Brad Bostic, Chairman and CEO, HC1.com:  “Indiana has been steadily emerging as a hot bed of innovative, high growth companies over the past decade. It is no secret that the key to this success is all about the talented workforce that has chosen to locate in Indiana due to the favorable economic environment and the opportunity to be part of a progressive culture here in the Midwest. The data I have reviewed indicates that HJR-3 threatens to become an obstacle to this continued progress as states that have implemented similar measures have seen firms and jobs disappear in the years that follow. HJR-3 will not serve the interests of Indiana's continued economic development and I am optimistic that our state will do the right thing for our economy by voting down HJR-3.” 
 
Douglas Karr, CEO, DK New Media:  "As a conservative, a Christian, a Veteran, and an Indianapolis business owner, I am truly saddened that my representatives believe that any 'free' citizen should have to get permission from the State to enter in a contract with another consenting adult. Fifty years ago, State governments utilized this power grab to discriminate against inter-racial marriages… and now history repeats itself by attempting to discriminate against gay couples. The unintended consequences of this bill directly impact the legal rights of gay couples to deal with their health, family and possessions. Add to this the ability of the State to convict and imprison someone for a victimless crime, and this bill is truly absurd. Given our current economic challenges and the need to attract talent here in the Midwest, this bill has the opposite impact. It not only pushes the victims of this bigotry away, it pushes away other talented people who don't want to live in a State that discriminates. Please stop working on bills that overstep your authority and hurt our State's ability to compete for talent."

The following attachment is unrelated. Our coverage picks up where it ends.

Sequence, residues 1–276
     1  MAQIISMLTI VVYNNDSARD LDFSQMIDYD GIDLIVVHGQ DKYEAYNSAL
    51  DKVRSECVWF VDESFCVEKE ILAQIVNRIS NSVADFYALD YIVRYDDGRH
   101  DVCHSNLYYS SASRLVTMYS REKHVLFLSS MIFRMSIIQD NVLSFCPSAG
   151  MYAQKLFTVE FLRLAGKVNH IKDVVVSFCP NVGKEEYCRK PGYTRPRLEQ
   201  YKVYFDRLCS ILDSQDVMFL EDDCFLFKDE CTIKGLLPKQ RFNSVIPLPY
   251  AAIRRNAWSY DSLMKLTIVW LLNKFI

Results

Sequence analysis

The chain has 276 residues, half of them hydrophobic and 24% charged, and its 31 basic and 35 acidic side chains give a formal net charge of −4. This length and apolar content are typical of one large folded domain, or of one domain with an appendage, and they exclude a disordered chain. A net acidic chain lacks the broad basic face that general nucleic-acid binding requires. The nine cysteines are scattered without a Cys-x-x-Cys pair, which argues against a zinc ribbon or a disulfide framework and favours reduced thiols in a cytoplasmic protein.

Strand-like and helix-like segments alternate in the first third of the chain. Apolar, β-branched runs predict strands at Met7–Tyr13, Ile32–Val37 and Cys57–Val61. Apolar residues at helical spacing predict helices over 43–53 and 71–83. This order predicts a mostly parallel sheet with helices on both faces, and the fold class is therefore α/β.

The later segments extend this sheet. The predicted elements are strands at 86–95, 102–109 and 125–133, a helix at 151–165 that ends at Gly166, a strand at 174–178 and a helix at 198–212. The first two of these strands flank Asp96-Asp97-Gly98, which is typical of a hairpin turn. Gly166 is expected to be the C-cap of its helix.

Taulbee Jackson, Founder + CEO, Raidious:  "HJR3’s prejudice reinforces the national perception of Indiana as a provincial backwater, and makes it even harder for nationally-focused companies like Raidious to attract and retain quality clients and quality talent. HJR3 is not only detrimental to business and the image of Indiana in general, it is simply unfair and discriminatory. It does not reflect the Hoosier values that I grew up on, or those my company grew up on. Strike down this amendment, so our tech sector can get back to innovating and creating jobs.”
 
Jenny Vance, President, LeadJen:  "It's no secret that the technology communities that are thriving in our nation have a very diverse set of talented contributors. Diversity of talent is what drives innovation. It is beyond my comprehension why our state government would choose to limit economic growth by introducing legislation that moves us backward instead of forward to a more innovative state – driven by diversity of culture, demographic, gender AND sexual preference."  
 
Santiago Jaramillo, CEO, BlueBridge Digital:  “Central Indiana is quickly becoming one of the country's premiere tech communities. As the CEO of a rapidly growing business, I oppose HJR-3 as it hinders our ability to attract top talent to our state.”